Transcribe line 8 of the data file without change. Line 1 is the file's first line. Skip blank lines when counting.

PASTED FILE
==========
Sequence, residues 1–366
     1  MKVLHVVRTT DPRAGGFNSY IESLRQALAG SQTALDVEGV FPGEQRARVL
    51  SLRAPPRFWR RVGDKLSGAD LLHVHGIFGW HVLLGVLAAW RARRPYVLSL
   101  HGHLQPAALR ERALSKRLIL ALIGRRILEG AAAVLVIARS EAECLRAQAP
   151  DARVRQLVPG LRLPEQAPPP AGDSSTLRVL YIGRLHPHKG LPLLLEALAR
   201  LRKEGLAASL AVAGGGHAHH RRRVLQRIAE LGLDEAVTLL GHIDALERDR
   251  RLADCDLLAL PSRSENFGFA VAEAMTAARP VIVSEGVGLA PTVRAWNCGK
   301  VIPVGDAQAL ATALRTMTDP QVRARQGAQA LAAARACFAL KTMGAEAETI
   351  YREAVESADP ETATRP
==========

   301  VIPVGDAQAL ATALRTMTDP QVRARQGAQA LAAARACFAL KTMGAEAETI